Meanwhile, place the meaty bones in a roasting pan and brown at 350º in the oven. When well browned, add to the pot along with the vegetables. Pour the fat out of the roasting pan, add cold water to the pan, set over a high flame and bring to a boil, stirring with a wooden spoon to loosen coagulated juices. Add this liquid to the pot. Add additional water if necessary, to cover the bones; but the liquid should come no higher than within one inch of the rim of the pot, as the volume expands slightly during cooking. Bring to a boil. Skim scum as it rises to the surface. When scum no longer rises to the surface, reduce heat and add the thyme and crushed peppercorns.

Cook stock at a very lazy simmer for at least 12 and as long as 72 hours. Just before finishing, add the parsley and simmer another 10 minutes.

You will now have a pot of rather repulsive-looking brown liquid containing globs of gelatinous and fatty material. Don't despair! After straining, you will have a delicious and nourishing clear broth.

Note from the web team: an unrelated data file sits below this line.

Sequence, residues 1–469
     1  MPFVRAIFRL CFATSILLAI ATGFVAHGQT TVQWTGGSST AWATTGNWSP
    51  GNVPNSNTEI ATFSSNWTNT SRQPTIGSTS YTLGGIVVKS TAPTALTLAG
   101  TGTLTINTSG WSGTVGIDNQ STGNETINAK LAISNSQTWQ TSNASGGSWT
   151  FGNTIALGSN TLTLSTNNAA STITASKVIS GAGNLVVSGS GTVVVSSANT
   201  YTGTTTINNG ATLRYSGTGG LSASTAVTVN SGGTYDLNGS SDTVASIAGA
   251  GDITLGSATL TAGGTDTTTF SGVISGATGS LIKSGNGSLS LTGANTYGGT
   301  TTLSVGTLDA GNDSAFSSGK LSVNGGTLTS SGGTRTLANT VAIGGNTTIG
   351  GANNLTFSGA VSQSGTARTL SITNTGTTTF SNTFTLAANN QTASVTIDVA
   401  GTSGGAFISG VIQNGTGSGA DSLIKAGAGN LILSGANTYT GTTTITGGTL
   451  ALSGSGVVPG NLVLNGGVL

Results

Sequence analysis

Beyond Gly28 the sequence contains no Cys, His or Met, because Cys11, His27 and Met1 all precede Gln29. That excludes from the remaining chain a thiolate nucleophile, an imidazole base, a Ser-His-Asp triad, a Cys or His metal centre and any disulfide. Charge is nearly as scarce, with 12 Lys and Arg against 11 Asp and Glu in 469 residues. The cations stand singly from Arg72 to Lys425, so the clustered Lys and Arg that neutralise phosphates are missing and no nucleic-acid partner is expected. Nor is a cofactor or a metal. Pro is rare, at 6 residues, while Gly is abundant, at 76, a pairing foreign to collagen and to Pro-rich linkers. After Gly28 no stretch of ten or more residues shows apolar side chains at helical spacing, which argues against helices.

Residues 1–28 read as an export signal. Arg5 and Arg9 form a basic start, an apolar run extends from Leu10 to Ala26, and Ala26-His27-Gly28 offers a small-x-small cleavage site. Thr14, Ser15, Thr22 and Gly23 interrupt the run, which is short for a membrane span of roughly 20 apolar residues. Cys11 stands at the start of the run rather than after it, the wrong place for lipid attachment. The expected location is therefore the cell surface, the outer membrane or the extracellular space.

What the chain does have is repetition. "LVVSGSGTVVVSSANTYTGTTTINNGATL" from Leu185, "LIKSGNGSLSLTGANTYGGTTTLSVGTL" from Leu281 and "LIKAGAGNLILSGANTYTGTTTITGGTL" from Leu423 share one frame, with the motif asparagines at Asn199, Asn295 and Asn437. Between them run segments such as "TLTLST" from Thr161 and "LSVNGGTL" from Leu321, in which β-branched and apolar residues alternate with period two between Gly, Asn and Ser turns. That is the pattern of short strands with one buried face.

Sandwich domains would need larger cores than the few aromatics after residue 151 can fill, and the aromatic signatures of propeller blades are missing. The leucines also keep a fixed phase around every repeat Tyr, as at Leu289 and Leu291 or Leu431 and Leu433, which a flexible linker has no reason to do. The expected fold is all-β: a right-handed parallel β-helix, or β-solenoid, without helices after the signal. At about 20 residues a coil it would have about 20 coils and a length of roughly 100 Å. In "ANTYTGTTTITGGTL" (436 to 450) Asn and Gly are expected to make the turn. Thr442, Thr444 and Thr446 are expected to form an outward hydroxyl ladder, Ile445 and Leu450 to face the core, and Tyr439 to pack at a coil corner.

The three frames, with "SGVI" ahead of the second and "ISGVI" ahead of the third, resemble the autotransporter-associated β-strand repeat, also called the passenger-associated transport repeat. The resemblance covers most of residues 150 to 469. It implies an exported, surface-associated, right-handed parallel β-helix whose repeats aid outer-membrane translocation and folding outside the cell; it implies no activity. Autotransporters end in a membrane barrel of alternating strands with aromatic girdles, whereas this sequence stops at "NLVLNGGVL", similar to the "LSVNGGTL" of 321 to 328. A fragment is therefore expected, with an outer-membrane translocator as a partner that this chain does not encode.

Remove bones with tongs or slotted spoon. Strain the stock into a large bowl. Let cool, then refrigerate and remove the congealed fat that rises to the top. Transfer stock to smaller containers and refrigerate, or freeze for long-term storage.

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4 Comments

rice is my weakness in life. my husb, (a v health-conscious person), doesnt eat rice at night- so i have cut down, too :( i like having company when i eat rice! i loved reading about the different rice in Italy. and i also really liked your recipe for stock- using beef marrow bones is a wonderful idea. congrats on the Editor's Pick! x shayma
shayma on March 27, 2010 at 7:15 am — Reply
Thanks, Shayma! And congrats again on your Food52 win for the delicious spinach borani! Would you ever consider subbing in brown rice once in a while? Maybe you can entice your man with that. ;-) I have a few kinds I really like. Hey, I think I'll do a rice round-up soon!
laura on March 27, 2010 at 7:53 am — Reply
Ran into this rice on the net with the Food52 theme, but couldn't find it easily. It would be really interesting to do a test of the same recipe with the different risotto rices...just to see if you could taste the difference, maybe some of it is cooking time? Yes, a rice roundup would be lovely. I have Bhutanese and Black sitting in my pantry waiting for the "perfect idea."
nakedbeet on March 27, 2010 at 11:25 pm — Reply
Gustiamo.com is a good source for authentic Italian ingredients. Check out their balsamico if you want to see an ingredient truly fit for a king. OK, stay tuned for the rice round-up! And thanks for stopping by.
laura on March 28, 2010 at 3:07 am — Reply